BREACH OF PROMISJJj OF MARRIAGE CASE. At the Town-hall, Leeds, on Monday, a jury was empannelled before Mr. Wheelhouso, the Sheriff's assessor, to award damages in an action, Langthorn v. Ellison," in which the defendant had suffered judg. ment to go by default. It had been brought for a breach of promise of marriage, the plaintiff being a weaver at Mr. Dewhurst's mill in Skipton, and the defendant is a cattle-dealer at Carlton, near that town. Mr. Robinson said the plaintiff was 19, and the daughter of the clerk at Christ Church, Skipton. The defendant, whose age was 32, became acquainted with her at Whitsuntide, 1864, when he got the mother's approbation to visit her at her home. The intimacy soon became closer, and letters passed between them. The first was dated Sunday evening, and he (Mr. Robin. son) thought it was evidently the first, because in it he addressed the plaintiff as "My dear Miss Lang- thorn." The others which followed were couched in terms of greater endearment. One dated Carlton, Tuesday evening," called the plaintiff "JMy Dear Mary Ann; and in it, after explaining that he had been travelling, he said," Please to meet me to-morrow night (Wednesday) in the fields in Broughten-road. Crosa the line at the gatehouse. I will not keep you long, Mary Ann; don't be afraid to come, for you have no cation to be frightened of me. I will be there at the time specified to meet you-From your own dearest JACK." The plaintiff met the defendant as re- quested, and he appeared then to have seduced her. The plaintiff was delivered of a child on the 2nd of April last, and nearly up to Christmas last the defendant continued his visits, being about that time married to a lady at Manchester. It was contended on behalf of the plaintiff that the defendant had deliberately intended to break his promise, and, therefore, the case called for exemplary damages. The only question was as to the defendant's circumstances. He had told the mother of the plaintiff that he did a large business, and was not at a loss for a few hun- dreds, and could earn 18a. a day the year through. He had also told the plaintiff that a man at Gargrave owed him 100, and he was going to have a lawsuit about it at Liverpool. He had talked to the plaintiff about re- ceiving telegrams from Scotland, relative to cattle, and that he had been riding from nine o'clock on Monday morning until eleven on Saturday night, and from these circumstances the jury would ba able to form an opinion what he could ears. The plaintiff had ob- tained an order in bastardy against the defendant, and the magistrates who lived in the same locality as the defendant, and would know his circumstances, had made an order upon him for the highest amount which the law allowed. Mr. Bruce addressed the jury in mitigation of damages, contending that the defendant was not a cattle dealer, but merely a driver. The learned assessor having summed up, the jury re- tired, and after being looked up nearly four hours awarded the plaintiff .£68 5s.
DEATH OF A CHiLD FROM 8 TAR VA TION AND NEGLECT. Mr. C. J. Carttar^ one of the coroners for Kent, held a lengthened inquiry, at the Crown public-house, Greenwich, on the body of Edmund Sugrue, a child six years a,Sei wno died under shocking circum- stances. It appeared that the father of the deceased is in regular employ, earning from 24s to 30a. per week wages, SIX weeks ago his wife and a daughter aged 13 were convicted at the Kent Quarter Sessions of felony, and the former was sentenced to 12 months' imprisonment and the latter to a short imprisonment and to be detained in a reformatory for four years. were four other children besides the deceased, ?? o i0 f^her was given to habits of intemperanoe. 5 Saturday an application was made to the relieving omcer for an order for surgical attendance on the deceased and granted; but from a representation subsequently made to him, the relieving officer went to a house in Garratt-court, Church-street, Greenwich, and there found the deceased and four other children lying nearly in a state of nudity on the bare floor with only a rag covering. The father at this time was drunk in the streets. The re- lieving officer had the deceased conveyed to the union, where on examination by Mr. Sturton, the house sur- geon, he was found in an emaciated state, almost pulseless and literally covered with vermin. Every attention was paid to the unfortunate little thing, but he had been too far neglected to rally, and expired on Wednesday. A post-mortem examination had been made, and it showed that although deceased had suf- fered from pleuritis, death had been accelerated through neglect and want of proper food. The Coroner observed that in the course of a lengthened experience he had never met with a more shocking case, and it would scarcely be credited that any human being could be found to have acted in so disgraceful a manner as the father appeared to have done. He was certainly no adveoate for the use of the lash, but if flogging was sanctioned he thought it should be applied in a case such as that before the jury. The inquest room was then cleared, and after de- liberating half-an-hour the Coroner announced that the jury had determined upon adjourning the inquiry for a week, and he at the same time considered it his duty to order the father of the deceased into custody, and to be charged before the magistrate with neglect- ing the deceased and accelerating his death. Police-constable Winter, the coroner's summoning officer, then took the father, Bartholomew Sugrue, into custody, and the next morning he was taken before Mr. Traill, at the Greenwioh police-court, and remanded.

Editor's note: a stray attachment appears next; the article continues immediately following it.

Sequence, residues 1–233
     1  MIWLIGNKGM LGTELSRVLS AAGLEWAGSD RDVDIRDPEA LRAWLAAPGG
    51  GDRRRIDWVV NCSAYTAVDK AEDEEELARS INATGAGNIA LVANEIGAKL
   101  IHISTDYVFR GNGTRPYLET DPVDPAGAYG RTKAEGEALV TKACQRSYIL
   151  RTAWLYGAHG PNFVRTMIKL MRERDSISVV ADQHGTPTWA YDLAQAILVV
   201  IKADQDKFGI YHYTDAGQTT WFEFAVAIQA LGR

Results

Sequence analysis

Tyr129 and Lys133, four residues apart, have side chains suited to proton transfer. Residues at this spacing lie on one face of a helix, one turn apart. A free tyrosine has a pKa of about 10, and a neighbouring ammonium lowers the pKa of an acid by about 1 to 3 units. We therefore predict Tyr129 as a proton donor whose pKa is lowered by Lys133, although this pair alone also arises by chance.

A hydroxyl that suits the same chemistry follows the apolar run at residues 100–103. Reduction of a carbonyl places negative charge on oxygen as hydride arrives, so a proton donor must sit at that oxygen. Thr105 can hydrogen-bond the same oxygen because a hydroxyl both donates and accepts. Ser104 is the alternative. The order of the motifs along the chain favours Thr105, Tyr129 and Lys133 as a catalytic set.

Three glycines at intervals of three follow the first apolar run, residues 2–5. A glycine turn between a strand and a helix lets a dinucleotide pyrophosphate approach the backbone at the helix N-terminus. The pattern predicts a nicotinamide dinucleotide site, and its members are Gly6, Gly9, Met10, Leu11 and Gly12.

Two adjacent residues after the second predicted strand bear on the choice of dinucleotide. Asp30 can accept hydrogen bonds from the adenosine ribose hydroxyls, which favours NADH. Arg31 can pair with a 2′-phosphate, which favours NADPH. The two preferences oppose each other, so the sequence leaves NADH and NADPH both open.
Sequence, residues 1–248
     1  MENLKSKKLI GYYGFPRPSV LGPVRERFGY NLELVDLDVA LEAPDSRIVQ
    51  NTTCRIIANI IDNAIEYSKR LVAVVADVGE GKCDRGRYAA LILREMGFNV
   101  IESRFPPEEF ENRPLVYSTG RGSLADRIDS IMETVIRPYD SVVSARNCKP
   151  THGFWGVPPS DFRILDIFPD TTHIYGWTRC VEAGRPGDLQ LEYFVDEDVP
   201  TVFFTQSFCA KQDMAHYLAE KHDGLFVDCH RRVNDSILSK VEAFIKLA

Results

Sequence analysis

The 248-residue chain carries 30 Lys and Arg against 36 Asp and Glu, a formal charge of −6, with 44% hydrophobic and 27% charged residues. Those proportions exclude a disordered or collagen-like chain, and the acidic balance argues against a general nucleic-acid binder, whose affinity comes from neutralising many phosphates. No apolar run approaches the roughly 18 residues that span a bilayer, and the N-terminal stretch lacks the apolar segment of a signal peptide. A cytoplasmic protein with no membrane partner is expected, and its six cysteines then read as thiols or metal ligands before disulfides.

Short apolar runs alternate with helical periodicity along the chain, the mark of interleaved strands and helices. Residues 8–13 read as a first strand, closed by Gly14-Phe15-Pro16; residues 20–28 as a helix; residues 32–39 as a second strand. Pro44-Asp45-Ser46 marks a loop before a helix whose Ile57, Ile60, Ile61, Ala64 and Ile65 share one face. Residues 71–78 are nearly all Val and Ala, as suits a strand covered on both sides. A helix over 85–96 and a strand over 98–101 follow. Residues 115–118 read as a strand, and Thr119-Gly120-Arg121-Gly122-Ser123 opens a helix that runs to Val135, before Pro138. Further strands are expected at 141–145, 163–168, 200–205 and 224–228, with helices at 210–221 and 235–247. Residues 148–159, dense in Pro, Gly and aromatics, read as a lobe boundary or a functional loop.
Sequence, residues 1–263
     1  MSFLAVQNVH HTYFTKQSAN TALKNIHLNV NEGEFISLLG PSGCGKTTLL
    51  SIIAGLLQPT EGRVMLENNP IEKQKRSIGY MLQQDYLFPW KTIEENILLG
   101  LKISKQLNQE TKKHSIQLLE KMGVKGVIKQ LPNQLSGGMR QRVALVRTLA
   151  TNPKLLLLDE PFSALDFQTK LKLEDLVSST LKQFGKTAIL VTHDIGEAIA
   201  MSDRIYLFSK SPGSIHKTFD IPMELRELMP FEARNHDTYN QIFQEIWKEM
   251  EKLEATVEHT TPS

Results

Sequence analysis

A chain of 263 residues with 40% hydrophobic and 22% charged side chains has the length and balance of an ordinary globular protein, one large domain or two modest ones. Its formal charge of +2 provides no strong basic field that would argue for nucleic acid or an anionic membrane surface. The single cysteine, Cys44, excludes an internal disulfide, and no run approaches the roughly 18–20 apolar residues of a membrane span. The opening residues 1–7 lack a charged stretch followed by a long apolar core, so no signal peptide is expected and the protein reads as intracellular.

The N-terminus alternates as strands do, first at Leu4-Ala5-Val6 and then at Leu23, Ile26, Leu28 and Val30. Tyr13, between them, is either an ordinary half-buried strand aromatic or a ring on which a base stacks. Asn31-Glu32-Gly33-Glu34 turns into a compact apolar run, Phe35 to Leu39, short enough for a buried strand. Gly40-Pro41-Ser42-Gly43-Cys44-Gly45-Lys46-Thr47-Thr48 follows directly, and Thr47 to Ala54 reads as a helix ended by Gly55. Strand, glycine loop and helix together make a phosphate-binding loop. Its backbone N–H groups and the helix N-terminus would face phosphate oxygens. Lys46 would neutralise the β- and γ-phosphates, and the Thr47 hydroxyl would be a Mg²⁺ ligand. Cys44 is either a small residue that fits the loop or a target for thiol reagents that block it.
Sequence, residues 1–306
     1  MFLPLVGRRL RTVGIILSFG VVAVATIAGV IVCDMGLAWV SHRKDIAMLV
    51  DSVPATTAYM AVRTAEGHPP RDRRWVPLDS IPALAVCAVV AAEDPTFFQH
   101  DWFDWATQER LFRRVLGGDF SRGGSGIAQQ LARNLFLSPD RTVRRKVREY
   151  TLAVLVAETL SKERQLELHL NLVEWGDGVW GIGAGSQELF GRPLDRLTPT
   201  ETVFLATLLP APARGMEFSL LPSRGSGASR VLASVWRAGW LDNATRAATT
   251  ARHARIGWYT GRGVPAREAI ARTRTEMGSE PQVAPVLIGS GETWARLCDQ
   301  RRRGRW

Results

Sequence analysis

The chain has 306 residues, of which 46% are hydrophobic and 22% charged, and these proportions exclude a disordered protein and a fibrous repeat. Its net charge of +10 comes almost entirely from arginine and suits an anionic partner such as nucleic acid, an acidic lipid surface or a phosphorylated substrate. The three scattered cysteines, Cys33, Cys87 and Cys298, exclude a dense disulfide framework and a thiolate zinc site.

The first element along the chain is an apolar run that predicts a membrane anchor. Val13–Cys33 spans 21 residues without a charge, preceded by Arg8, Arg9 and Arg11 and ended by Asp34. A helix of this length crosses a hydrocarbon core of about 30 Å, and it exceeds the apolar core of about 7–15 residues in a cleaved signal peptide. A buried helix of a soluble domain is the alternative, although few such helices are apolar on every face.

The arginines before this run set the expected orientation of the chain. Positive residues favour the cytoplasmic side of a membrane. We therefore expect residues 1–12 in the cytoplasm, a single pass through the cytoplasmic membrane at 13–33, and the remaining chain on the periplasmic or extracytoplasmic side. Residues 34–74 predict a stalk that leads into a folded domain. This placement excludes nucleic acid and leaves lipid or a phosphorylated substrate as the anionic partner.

A SKETCH OF DICK COTTON'S COURTSHIP. Yea, sir, my wife does look like a queen. That is the remark I am accustomed to hear whenever I intro- duce her to any OBe. It is the remark I made myself when I first saw her at the Isle of Wight, several years ago. Not that queens are always lovely. Little Vic- toria, a most excellent woman, motherly and plump, looks no more royal than our grocer's wife, Mrs. Smoker, in her Sunday gown, and Eugenie, though once beautiful, is too much like a walking fashion-plate to be regal. She was nineteen when I first saw her walking on the beach at sanset. The sun was shining on her hair- pale gold, not reddish-and with ripples like those on the heads of antique statues. Her forehead was like Bnow, and her eyes like a Spanish girl's, black and glittering, as though down in their liquid darkness were buried two great flashing diamonds. The turn of her head, the shape of her bust, the movement of her Land, the very sweep of her dree, were regal. I give you my word, sir, regal. I did no know her name—I never expected to know it. From the first mom. nt I was in love with her, but, to vow the truth, just as much in awe of her, and she seemed as far away fram me as-as-the moon, sir. xou see, at that period, I was only young DICk Cottqn, iiinior, clerk at Quibbs and Co.'s; had not the slightest claim to being fashionable; and but for a legacy of a few hundreds from an old uncle, should not have been able to afford the summer trip to New. port, and a month's holiday with cessation of salary. Not that I stood in awe of people in general. When the rich Miss A., or the great belle, Miss B., were pointed out to me, I saw pretty girls in elaborate toilettes. They had money—I had not much. They resided in Belgravia—I didn't. That was all. But this lady seemed removed from me by formid- able barriers never to be overstepped. With some of the lesser lights, indeed, I became acquainted; but the thought of an introduction to the lady I mentally designated as the queen never entered my mind. So when, standing with my friend David Brown, upon the piazza, I saw him bow to this divinity, I stood aghast as though Juno had come to earth, and some one had nodded to her. "Do you know that lady ? I gasped. And he answered- "Know her? Of course. That's Miss Augusta M'Pherson, down here with her father, who has been ill with gout, or rheumatism, or something. Like to know her ? I'll introduce you." I was in a dream when I heard my friend say, "Miss M'Pherson, Mr. Cotton," and saw the white robes Sweep about in the mysteriously graceful manner as she bowed. I walked beside her on the beach, Brown on the other side. I heard her say it was fine, and hoped it would remain so; but the royal presence in which I found myself so overwhelmed me that it seemed pre- sumptuous in me to intrude myself and my opinions about the weather into public notice. So I remained mute until we parted, when I bowed low, and she once more swept a curtsey. Nice girl," said Brown. Fine looking; but she takes airs and freezes you. J like a jolly girl Now, there's Miss Kidd: you may hear her laugh a mile off; and such a one to dance the schottische; and Miss Flip-jolly too, though she will be sentimental. You don't mind that, you know, on a moonlight night when you are lazy. This one there's no flirting with, and she won't dance what I call the hugging dances.' She'll die an old maid, or marry a parson, with all her beauty." He was puffing at a cigar with his eyes half shut, and I don't suppose he knew when I left him. It was better to go off in that impolite way than to knock him down, as I should if I had remained. I give you my word I should, sir. I went back to the beach to find the place on which Augusta M'Pherson had been standing when I was introduced to her, that I might kis it;" I discovered the fairy foot-print, but the presence of a large family party prevented the completion of my design. How- ever, I picked up a pebble from the spot, and put it in my left-hand pocket, which answered quite as well. After that, finding myself unequal to meeting strangers, I went to my own room and read Byron. Byron was tall, and elegant, and interesting. I was roly-poly and common-place, but how his sentiments went to my heart! I was quite as desperate as be- quite. Why not ? There was I whom Nature had unkindly made, personally speaking, a match for some cook or housemaid, in love with a queen—a woman regal in every look and tone, for whom only a king could be a match. Of course, she would never think of me a second time. Being upon the subject of looks, I bethought me of a certain dozen of cartes- de-visitel had in my portmanteau. Perhaps, after all, I was not so ill-looking. I brought them to light. Alas I did not look either dignified or interesting-holding up a chair, with a pillar behind me, and the vice in which the artist had screwed my head plaialy visible on either side of my neck. I was disgusted, shocked, enraged. Surely I might sue that gentleman for a libel. I crammed the hideous things in my pocket, and threw myself on my bed, vowing that Augusta M'Pherson and the light of day should never beam upon me more. But they did. I grew hungry at dinner time, and went down in a new white vest. Next to me sat a maiden in purple silk. She turned —it was Miss Augusta M'Pberson. She smiled and mentioned the fact that "it," meaning the weather, "was warmer." Afterward she introduced me to a white-haired old gentleman as Pa." That was Mr. M'Pherson. To him I could talk. I listened to a dissertation about sitting in draughts, and we conversed volubly about cotton, which he was of opinion would go up." Soon Mr. M'Phersor. retired, and the sound of music stole into the parlour where we sat, and one after another arose and sought the dancing room, and I offered my arm to the queen beside me, and we fol- lowed. Then arose the humiliating knowledge that she was taller than I by half a head. I was only one of a crowd after that. Men who did not dance gathered about Augusta, and other ladies, weary or disinclined for exercise, were added to the group. Some I knew. I could talk to them. We chatted and grew merry. By-and.by Augusta became very silent. Suddenly there came in at the casement a waspish fly, who buzzed about the plump, bare shoulders of MiEs Kidd and alarmed her. I, as in duty bound, flew to the rescue, whipped from my pocket my per- fumed cambric kerchief, and with it put the insect to roat. But in so doing, out tumbled that hideous pack of chair, upholding cartes de visite, on which the ladies pounced, for each an album. Oh, yes, we must,—don't give him one back," and with giggles and exclamations, the horrid things were appropriated, to be put with other horrid things, between covers of emboased leather with golden clasps. Don't you want one, Miss M'Pherson ? Thus spoke Miss Flip, with gleeful affectation. Augusta, quiet and calm, smiled politely, and replied that she had no album." Of coarse not, and if she had, would she put roly- poly, holding up a chair, between its pages ? Only eleven," cried Miss Kidd. Oh, Mr. Cotton, you've hidden one. Upon my honour, Miss Kidd, no. The dozen are there." Then Miss Kidd carefully searched the floor and her qompanions' pockets, and I emptied mine, but the twelfth carte de visite was gone, vanished from the face of the earth since its first appearance. "For I counted a dozen," said Miss Rose Bud; "you know I picked them up." Then Augusta, rising, swept bsck her robes that they might look under her chair, aud did it with an air of such majestic contempt of cartes de visite and those who accumulated them, that I felt ashamed of ever having had one taken. And, lest she might come across it, I searched for that missing picture diligently, but it could not be found. How little did I guess that all my future happiness hung on that missing picture. The days wore on. Some of the butterflies fluttered away to other places. The favourable air kept Mr. M'Pherson at the Isle of Wight-. There also, of course, remained Augusta. QCleenlikø she swept adown the baach at sunset. Queenlike she condescended to talk to me. Sometimes she sung to her father and let me listen. There was osly one comfort in it all. If I was next to nothing in her estimation, so were others. She cared for no ose's admiration— not that of the hand- somest or most celebrated. Oh, those long, delicious, wretched days, those moonlight evenings, when I basked in her royal smile. I could not tear myself away. Sometimes I half fancied that she knew I adored her, much as 8h. knew that her spaniel did, or her canary bird. All the while tender, adoring thoughts were m my hear, aud I would have spoken out, had IJo°ked, asi wel- E-B felfc like Byron—had I been somebody besides lifctL Dick Cotton, of Quibbs and Co,'e. Quid's ended mv dream at las* My holiday had e-Sred f w.v summoned home. Unless, mdeeo, wrote my uncle, "I desire some other young man to euin-y my advantages at the wholesale establishment into which I had been fortunate enough to enter, and where, with due attention to business I might make mTodays of miserable ecstasy were past. I must leave her. I told her so that night—at least I said- "I shall be obliged to start for the city to-morrow. She gave a queenly sort of bow, and said- "Indeed. Papa will miss you. There are so lew here." She was always royally courteous. Any one so highly bred could not be rude for her life. But that was all. She dismissed the thought from her mind at ones, and swept into the dancing-room five minutes after on the arm of Colonel J asper, of whom I was mortally jealous, for, despite the fact that he had beside that left arm on which she leant, only an empty sleeve, he was more a match for her than any man at the Isle of Wight that season. I rushed away and went do vu to the beach. 1 here I hired a, boat, and rowed myself out on the stuu water to indulge in melancholy reverie. In & £ 0llu half an hour I was hailed from the shore. there stood Miss Rose Bud, my friend Brown, and Augusta MThersan still on the arm of Colonel Jasper. Oh, I know you," cried Rose Bud; come and tai couM not refuse. I approached them. I thought Augusta would not enter, but she did. I had an ex- cuse for offering her the assistance of my Ji Oh, the little velvet palm, how it thrilled through me. I felt my heart beat, and then stop, and then beat furiously again, and remember nothing more until Brown cried- I say, Cotton, what are you doing ? and the next instant felt that the boat was overset. The ladies screamed. Brown uttered a ferocious exclamation. I caught the white garments of Augusta M'Pherson. I was a good swimmer, and knew that I could save her. We were not far from the shore, and three pleasure boats came at once to our assistance. Rose Bud nearly contrived to drown herself and Brown by her struggles, but nevertheless we were all rescued. In a few moments we were all on shore, and Augusta had fainted in my arms. Rose Bud was in hysterics. Ladies surrounded both. One who stood near Augusta called for smelling salts. No one had any, but another lady deolared that Miss M'Pherson generally had a smelling bottle in her pocket. In went a hand at once—out came a handerchief, a pair of gloves, and a wet piece of card or paper-at laet the smelling bottle. That being seized upon, I took possession of the rest, to restore to her when she had recovered consciousness. Alas! I was tempted to dishonesty. Think what a temptation it was to have gloves and a kerchief worn by your best beloved thrown in your way. Augusta recovered soon, apologised for the trouble she had given, and called herself silly." When she was able she returned to the house on the arm of her father, who had come to the beach in his dressing gown on hearing of the accident. And I, after being thanked for saving her life," went to my chamber. There I lit a light, spread gloves and kerchief on the table, and apostrophised them as things she had worn and touched. Then I glanced at the damp oard. Aha! a carte de visite-my rival's portrait. Now I should see the king who was to mate my queen. Could I bear it ? I would. I looked at the card again. Ah! it was roly-poly. It held up a chair. Behind it was a column. It was—myself! my carte de visite, and it had fallen from Augusta M'Pherson's pocket! The missing carte de visite, not to be found by mischievous Rose Bud, or the waiter bribed to find it, in Augusta M'Pherson's pocket all this while! What did it mean ? There were some words written in ink, and not erased, upon the margin. I held it to the light, and read this:— Dear Silly, darling, he doesn't guess how much I think of him." It was in her hand. Don't ask what I did,sir. I was beside myself with joy. When I woke up next morning my queen was gone. But, instead, there was a loving girl under the same roof with me whom I dared to think of wooing and ef winning. As early as I dared I sought her out, and before the morning train started we were engaged. I didn't tell her about the carte de visite, of course; but I told her how I loved her, and she—well, sir, you can guess what she said without my telling you. We were married in a year, and have been happy ever since.